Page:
"The reason being, I truly believe there should be a period of time where you serve your community and move on to let other people step up," he said.
|Beaumont (click for larger version)|
William Beaumont moved to the school district in 1986 where he lived until 1997. He moved back 2005. His two children attend Lake Orion schools, with one at Oakview and one at the high school.
Beaumont said he's an early engineer retiree from auto industry. He worked 36 years with General Motors and lived in four different countries, where he helped found and run engineering operations.
He's been involved locally as treasurer for a Boy Scout troop and manager of a LOBOS team. He says he's involved in district's strategic planning committee and other limited volunteer positions until now.
"I was intending on going back to work, but I've decided just not to do that," he said.
Beaumont added, "My own beliefs and values are very much aligned with the school board's, in terms of the vision, mission and beliefs."
In his career, he said he was responsible for departments and programs "with headcounts in the thousands and budgets in the hundreds of millions of dollars, both in good times and tough times."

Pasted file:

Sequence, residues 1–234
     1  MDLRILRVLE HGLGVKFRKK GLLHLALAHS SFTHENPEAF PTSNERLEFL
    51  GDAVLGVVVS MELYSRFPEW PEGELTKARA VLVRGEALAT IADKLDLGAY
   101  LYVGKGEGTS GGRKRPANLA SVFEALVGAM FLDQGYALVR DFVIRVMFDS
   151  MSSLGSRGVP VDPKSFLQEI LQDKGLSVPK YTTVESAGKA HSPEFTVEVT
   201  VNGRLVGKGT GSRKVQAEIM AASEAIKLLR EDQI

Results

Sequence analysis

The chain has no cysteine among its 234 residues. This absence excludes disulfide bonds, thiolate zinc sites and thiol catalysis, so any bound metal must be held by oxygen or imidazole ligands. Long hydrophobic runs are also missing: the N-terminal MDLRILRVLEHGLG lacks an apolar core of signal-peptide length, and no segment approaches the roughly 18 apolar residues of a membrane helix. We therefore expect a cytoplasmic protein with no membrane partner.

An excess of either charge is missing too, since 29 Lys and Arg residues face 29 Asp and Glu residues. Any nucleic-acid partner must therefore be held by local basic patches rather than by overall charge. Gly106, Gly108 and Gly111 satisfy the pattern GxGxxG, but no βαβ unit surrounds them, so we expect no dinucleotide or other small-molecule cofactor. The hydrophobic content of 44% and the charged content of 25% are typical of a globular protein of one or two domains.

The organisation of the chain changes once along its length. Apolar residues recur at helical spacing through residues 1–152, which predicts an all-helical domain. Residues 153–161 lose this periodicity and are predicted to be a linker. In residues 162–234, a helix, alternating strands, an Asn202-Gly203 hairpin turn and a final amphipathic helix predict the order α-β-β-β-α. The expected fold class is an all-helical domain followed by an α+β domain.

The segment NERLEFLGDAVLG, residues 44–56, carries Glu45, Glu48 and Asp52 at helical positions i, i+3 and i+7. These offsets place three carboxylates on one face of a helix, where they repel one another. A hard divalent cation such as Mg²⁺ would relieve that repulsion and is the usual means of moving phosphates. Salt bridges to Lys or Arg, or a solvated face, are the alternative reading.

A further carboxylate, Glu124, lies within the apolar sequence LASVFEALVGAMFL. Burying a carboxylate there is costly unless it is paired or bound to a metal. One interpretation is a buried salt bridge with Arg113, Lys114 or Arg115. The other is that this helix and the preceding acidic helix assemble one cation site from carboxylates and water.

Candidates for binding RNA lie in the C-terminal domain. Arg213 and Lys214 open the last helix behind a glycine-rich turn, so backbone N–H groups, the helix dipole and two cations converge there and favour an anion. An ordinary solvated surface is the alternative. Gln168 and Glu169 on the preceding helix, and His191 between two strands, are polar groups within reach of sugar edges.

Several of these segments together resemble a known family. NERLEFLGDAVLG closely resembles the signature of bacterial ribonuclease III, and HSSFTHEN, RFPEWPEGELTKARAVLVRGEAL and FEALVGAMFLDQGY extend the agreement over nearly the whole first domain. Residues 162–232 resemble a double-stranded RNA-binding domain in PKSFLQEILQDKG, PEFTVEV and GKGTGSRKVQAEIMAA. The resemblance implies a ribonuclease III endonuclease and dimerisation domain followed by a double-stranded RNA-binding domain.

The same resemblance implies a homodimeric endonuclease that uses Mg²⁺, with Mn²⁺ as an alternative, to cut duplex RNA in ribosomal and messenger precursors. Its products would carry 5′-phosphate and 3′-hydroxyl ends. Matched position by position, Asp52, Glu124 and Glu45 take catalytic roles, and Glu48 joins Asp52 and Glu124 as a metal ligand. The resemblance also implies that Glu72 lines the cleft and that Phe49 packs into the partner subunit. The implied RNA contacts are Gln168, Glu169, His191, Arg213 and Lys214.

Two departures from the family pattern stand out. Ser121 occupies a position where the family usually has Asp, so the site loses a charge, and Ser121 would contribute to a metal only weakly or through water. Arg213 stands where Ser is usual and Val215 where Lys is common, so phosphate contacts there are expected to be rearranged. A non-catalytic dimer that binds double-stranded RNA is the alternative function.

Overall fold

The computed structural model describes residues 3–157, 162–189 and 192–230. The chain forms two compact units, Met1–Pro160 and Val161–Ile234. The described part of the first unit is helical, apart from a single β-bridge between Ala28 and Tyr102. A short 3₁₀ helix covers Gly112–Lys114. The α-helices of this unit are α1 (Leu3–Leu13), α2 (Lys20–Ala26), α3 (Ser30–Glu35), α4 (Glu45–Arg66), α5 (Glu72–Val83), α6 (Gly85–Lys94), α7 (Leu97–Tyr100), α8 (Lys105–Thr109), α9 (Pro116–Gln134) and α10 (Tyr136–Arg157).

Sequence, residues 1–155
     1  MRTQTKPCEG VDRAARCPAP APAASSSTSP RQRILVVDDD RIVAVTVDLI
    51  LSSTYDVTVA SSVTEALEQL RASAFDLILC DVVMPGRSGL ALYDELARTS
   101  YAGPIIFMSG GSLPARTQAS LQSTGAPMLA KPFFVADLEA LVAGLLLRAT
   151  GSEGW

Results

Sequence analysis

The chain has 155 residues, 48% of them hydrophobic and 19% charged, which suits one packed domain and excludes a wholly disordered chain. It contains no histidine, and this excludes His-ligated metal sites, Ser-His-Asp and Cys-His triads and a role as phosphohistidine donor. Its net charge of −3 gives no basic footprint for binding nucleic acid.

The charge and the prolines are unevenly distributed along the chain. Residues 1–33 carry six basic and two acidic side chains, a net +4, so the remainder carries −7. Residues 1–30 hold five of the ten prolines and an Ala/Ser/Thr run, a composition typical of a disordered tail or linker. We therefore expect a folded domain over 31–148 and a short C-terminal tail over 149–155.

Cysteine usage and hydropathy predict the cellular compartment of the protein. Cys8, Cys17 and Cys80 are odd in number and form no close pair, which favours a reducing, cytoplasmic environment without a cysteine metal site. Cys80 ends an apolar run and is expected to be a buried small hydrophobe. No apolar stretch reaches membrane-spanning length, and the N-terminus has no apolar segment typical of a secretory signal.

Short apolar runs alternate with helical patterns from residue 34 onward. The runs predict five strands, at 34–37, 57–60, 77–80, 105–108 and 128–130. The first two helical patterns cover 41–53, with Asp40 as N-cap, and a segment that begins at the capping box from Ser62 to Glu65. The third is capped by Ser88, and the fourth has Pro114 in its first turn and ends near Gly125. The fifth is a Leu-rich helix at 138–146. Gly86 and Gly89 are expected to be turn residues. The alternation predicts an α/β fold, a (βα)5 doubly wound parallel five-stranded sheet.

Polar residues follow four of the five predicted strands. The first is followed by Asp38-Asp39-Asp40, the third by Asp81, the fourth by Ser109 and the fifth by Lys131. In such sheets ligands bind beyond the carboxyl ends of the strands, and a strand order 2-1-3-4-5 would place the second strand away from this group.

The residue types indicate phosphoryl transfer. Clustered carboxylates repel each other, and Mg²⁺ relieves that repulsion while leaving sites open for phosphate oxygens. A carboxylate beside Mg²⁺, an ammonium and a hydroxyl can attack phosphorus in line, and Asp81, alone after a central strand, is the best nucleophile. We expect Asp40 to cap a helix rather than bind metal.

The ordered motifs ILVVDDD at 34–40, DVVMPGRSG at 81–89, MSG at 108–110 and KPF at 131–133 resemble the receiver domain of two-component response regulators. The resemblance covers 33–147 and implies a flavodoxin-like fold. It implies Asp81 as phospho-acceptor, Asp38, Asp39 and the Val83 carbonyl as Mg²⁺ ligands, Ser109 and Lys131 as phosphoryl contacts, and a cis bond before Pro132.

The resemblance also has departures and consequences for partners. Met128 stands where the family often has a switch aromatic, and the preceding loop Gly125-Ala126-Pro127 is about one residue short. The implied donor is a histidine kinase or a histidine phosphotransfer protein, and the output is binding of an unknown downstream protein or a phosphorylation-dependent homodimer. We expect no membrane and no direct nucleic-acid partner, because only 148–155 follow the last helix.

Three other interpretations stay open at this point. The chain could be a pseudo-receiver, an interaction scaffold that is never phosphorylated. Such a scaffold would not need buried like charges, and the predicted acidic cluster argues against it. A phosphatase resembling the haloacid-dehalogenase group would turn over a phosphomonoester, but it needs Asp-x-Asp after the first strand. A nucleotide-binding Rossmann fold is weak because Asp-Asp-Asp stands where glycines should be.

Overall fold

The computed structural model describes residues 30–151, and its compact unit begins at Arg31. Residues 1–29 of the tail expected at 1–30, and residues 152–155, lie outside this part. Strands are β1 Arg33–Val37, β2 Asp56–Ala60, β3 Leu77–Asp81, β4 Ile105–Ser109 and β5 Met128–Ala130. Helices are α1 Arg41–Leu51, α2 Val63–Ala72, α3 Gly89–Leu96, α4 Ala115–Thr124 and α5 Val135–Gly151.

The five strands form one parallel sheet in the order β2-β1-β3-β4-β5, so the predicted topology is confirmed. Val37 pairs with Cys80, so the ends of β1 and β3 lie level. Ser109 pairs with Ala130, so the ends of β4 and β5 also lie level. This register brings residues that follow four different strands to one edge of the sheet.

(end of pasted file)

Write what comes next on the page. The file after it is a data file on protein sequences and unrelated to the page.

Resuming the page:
"I have a lot of experience aligning budgets and resources and business plans while still ensuring objectives are met," he said.
Beaumont is originally from the United Kingdom and said he did some post-secondary work in the US.
He's been involved in education and business globally, and said he realizes the district is not a corporation, but believes his background and experiences will be valuable to the board.
Beaumont also noted he would run for reelection.
|Proksch (click for larger version)|
David Proksch has worked in Orion for 20 years and has three children in the district – one at Oakview and two at Carpenter. He said he's spent his career in the IT field in customer-facing roles.
"One constant in my career has been change. I'm in a constant state of education. I believe that's what our children should be in. We are training them for jobs that don't exist yet," he said.
Proksch told the board he started working toward his bachelor's degree in 1986, and didn't complete it until 1998.